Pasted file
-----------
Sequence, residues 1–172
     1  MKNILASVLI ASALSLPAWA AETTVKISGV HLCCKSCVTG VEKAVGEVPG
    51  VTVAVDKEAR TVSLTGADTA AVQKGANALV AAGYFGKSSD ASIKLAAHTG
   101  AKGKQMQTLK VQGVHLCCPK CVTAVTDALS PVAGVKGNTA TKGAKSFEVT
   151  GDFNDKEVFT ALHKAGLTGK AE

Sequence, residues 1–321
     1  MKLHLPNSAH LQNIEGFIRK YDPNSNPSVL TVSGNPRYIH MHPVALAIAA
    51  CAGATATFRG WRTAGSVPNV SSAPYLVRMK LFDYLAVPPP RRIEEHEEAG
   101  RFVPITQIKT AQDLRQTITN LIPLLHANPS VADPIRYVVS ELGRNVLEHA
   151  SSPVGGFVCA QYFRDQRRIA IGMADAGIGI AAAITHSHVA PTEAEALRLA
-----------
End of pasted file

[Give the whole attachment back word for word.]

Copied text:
Sequence, residues 1–172
     1  MKNILASVLI ASALSLPAWA AETTVKISGV HLCCKSCVTG VEKAVGEVPG
    51  VTVAVDKEAR TVSLTGADTA AVQKGANALV AAGYFGKSSD ASIKLAAHTG
   101  AKGKQMQTLK VQGVHLCCPK CVTAVTDALS PVAGVKGNTA TKGAKSFEVT
   151  GDFNDKEVFT ALHKAGLTGK AE

Sequence, residues 1–321
     1  MKLHLPNSAH LQNIEGFIRK YDPNSNPSVL TVSGNPRYIH MHPVALAIAA
    51  CAGATATFRG WRTAGSVPNV SSAPYLVRMK LFDYLAVPPP RRIEEHEEAG
   101  RFVPITQIKT AQDLRQTITN LIPLLHANPS VADPIRYVVS ELGRNVLEHA
   151  SSPVGGFVCA QYFRDQRRIA IGMADAGIGI AAAITHSHVA PTEAEALRLA